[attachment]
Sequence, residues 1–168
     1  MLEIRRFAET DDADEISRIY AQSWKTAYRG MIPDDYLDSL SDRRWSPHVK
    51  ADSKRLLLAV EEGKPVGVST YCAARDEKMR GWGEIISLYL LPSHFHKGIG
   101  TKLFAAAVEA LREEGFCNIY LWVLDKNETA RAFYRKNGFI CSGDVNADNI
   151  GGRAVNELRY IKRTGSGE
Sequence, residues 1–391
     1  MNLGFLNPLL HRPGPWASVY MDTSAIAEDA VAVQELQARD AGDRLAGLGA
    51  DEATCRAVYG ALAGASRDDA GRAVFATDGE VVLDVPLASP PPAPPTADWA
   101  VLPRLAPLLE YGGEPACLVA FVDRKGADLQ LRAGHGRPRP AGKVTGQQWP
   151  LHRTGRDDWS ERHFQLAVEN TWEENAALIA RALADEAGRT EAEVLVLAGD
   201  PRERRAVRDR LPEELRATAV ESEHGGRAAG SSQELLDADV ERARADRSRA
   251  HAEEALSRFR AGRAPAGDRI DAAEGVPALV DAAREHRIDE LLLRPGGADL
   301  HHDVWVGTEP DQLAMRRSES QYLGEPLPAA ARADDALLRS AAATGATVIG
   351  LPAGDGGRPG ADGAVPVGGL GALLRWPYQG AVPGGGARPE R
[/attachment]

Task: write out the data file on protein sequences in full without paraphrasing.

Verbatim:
Sequence, residues 1–168
     1  MLEIRRFAET DDADEISRIY AQSWKTAYRG MIPDDYLDSL SDRRWSPHVK
    51  ADSKRLLLAV EEGKPVGVST YCAARDEKMR GWGEIISLYL LPSHFHKGIG
   101  TKLFAAAVEA LREEGFCNIY LWVLDKNETA RAFYRKNGFI CSGDVNADNI
   151  GGRAVNELRY IKRTGSGE
Sequence, residues 1–391
     1  MNLGFLNPLL HRPGPWASVY MDTSAIAEDA VAVQELQARD AGDRLAGLGA
    51  DEATCRAVYG ALAGASRDDA GRAVFATDGE VVLDVPLASP PPAPPTADWA
   101  VLPRLAPLLE YGGEPACLVA FVDRKGADLQ LRAGHGRPRP AGKVTGQQWP
   151  LHRTGRDDWS ERHFQLAVEN TWEENAALIA RALADEAGRT EAEVLVLAGD
   201  PRERRAVRDR LPEELRATAV ESEHGGRAAG SSQELLDADV ERARADRSRA
   251  HAEEALSRFR AGRAPAGDRI DAAEGVPALV DAAREHRIDE LLLRPGGADL
   301  HHDVWVGTEP DQLAMRRSES QYLGEPLPAA ARADDALLRS AAATGATVIG
   351  LPAGDGGRPG ADGAVPVGGL GALLRWPYQG AVPGGGARPE R